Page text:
Renaissance Mission

GLOVERSVILLE – The volunteers who run the Glove Performing Arts Center say the community now has a unique opportunity to support the historic theater.

In a new fundraising campaign called “Discover the Glove,” the family of the Glove’s original owner has agreed to donate $2 for every $1 raised locally, up to $100,000.

“This is a wonderful opportunity for us to put the theater on a better financial footing,” said Mark Finkle, president of the theater’s Board of Directors.

Last year, the board reached out to Renee Crown, the daughter of the late J. Meyer Schine, who established the Glove back in 1920. She and her husband, Lester Crown, who live in Chicago, agreed to provide the 2-to-1 challenge grant, effectively tripling the money from other donors until Dec. 31.

“I just can’t image that if this community wants this theater they can’t respond to this,” Finkle said this week. “A $50 donation becomes $150 for us.”

Keeping the nearly century-old theater open and running hasn’t been easy. It is expensive to heat -more than $19,000 per year for its auditorium alone – and the renovations and improvements accomplished in recent years have been hard-won accomplishments.

The Glove has had no paid employees since its last professional director, Emily Grant, left the area about five years ago. At that time, the theater was in serious danger of closing, but the theater’s volunteer Board of Directors regrouped and pledged to keep it open and gradually build it back up.

“The arts have struggled everywhere,” Finkle said. “It’s not an easy road.”

But the Glove already has raised about $30,000 in donations that it can apply to the “Discover the Glove” campaign, Finkle said, and the Board of Directors and other volunteers hope their excitement will catch on with others in the community.

“The response from the community is outstanding,” said Richard Samrov, the theater’s volunteer executive director. “They really want to keep this theater here in Gloversville. That makes me very happy.”

Though the campaign offers naming opportunities for major donors – such as plaques on seats and other fixtures for certain dollar amounts -smaller contributions are equally welcome, Finkle said.

“Some people have sent in the $50 donations,” Finkle said. “Wouldn’t it be great to get a thousand $50 donations from people? That’d be a thousand people committed to the theater.”

Finkle said he would like to be able to host more professional actors and touring groups at the Glove, but he says it will always be a welcoming venue for homegrown productions organized by local theater enthusiasts, including its own resident troupe, the Hand in Glove Players. And it will always offer opportunities for young performers to gain experience in front of local audiences, he said.

“We have to be a local venue,” Finkle said.

The theater is dedicated to cultivating its own crop of future performers and patrons, offering classes in music and acting for children on the premises.

“The volunteers here at the Glove Performing Arts Center – I couldn’t praise them more,” said Samrov, who is 74 years old and worked as an usher at the Glove in the 1950s. “We’re all in it for the duration.”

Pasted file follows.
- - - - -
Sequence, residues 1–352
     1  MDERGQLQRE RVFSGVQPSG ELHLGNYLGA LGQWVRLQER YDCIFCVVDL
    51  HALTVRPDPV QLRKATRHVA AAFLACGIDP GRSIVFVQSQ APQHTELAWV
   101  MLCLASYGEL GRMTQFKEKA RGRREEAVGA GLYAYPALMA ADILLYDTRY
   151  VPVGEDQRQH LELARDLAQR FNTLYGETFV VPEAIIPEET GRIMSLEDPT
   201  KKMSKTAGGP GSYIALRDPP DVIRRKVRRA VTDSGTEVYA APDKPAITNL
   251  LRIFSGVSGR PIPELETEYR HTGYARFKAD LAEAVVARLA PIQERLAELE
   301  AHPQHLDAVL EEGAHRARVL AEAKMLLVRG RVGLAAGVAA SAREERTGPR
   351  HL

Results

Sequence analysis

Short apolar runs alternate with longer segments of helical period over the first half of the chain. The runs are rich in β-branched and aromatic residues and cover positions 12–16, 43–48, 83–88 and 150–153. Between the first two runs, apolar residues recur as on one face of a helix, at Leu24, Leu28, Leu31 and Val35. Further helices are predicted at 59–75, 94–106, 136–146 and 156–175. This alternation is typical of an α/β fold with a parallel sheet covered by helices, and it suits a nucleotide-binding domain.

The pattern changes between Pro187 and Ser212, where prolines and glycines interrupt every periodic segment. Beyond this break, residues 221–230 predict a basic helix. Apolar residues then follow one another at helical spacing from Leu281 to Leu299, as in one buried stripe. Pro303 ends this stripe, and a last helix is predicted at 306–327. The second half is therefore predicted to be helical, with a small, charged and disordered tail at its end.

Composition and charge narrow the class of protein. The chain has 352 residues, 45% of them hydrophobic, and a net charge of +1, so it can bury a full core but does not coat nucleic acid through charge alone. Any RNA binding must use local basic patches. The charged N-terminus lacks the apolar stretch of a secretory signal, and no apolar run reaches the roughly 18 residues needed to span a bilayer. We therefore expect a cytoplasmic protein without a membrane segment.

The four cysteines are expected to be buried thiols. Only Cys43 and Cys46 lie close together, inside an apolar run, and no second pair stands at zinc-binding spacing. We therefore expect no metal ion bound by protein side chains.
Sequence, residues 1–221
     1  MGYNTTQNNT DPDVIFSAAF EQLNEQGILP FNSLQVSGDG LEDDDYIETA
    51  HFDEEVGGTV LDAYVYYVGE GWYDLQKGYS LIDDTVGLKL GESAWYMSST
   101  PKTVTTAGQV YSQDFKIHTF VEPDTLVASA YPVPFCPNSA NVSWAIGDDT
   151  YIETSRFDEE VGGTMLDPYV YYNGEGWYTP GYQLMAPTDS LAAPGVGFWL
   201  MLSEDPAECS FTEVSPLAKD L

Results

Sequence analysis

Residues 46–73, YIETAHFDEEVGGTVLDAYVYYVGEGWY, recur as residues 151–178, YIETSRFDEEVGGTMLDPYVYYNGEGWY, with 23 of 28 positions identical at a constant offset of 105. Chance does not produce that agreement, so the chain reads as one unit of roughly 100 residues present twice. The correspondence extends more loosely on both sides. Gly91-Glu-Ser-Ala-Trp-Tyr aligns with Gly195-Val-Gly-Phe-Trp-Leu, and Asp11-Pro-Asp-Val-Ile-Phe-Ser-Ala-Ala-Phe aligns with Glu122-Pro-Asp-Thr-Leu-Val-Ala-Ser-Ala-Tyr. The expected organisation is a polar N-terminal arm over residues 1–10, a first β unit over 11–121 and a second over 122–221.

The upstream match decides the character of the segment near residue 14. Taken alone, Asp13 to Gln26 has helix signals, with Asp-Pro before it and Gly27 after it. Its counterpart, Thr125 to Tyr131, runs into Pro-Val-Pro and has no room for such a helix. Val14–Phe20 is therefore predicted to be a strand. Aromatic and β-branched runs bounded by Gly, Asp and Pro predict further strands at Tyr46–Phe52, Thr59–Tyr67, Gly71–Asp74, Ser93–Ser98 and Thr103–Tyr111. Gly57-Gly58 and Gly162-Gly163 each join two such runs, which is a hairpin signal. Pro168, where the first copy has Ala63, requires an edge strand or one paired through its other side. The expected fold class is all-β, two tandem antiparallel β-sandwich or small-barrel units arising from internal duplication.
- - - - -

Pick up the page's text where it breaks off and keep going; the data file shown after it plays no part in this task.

The money raised in the “Discover the Glove” campaign will be invested both in the infrastructure of the theater and future programming, Finkle said. The last major investment of donated funds went into wiring, he said – it was necessary, but it wasn’t highly visible.

“I think we need to show something physical in the building so people can say, ‘Oh, something’s happening there,'” he said.

The theater has received new auditorium-style seats, and installing them is one of the short-term goals, along with fixing a section of the roof and renovating the men’s bathroom.

Samrov said the Glove is experiencing a “renaissance.” Audiences for theatrical productions have grown larger and more enthusiastic in the last few years. Whereas shows four or five years ago were selling fewer than 50 tickets per night, more recent shows – such as last year’s “Annie” – brought audiences of 100 to 200 people each night. The recent production of “The Wizard of Oz” was a financial success, costing $5,000 to produce and bringing in $12,000 at the box office.

Also last year, the Glove presented a grant-funded educational play about the genocide in Darfur. The play was “magnificent,” Finkle said, and about a thousand students from five different school districts came to see it. He said the Glove hopes to present another such play for school groups in the future.

Samrov said the Theatre Historical Society of America has expressed an interest in hosting its annual meeting at the Glove this year, which would be a big feather in its cap and bring new visitors to Gloversville.

“That’s a big deal for us,” Finkle said. He hopes this year’s fundraising campaign will be a “springboard” to further community investment in the Glove’s future as a cultural and economic hub for downtown Gloversville.

“We’re more determined now than we every have been before,” Samrov said. “We’re determined that we cannot waste this gem.”

Upcoming events

On Friday night, the theater hosted a cabaret-style “Main Street Showcase” performance intended to raise money for the Hand in Glove Players’ upcoming production of “Into the Woods,” which will open March 8 for a run of six performances.

On Feb. 14, 15 and 16, the Glove will present a dinner-theater production of the Neil Simon comedy “The Last of the Red Hot Lovers.”

For the full 2013 production schedule at the Glove, see

Features Editor Bill Ackerbauer can be reached at [email protected].

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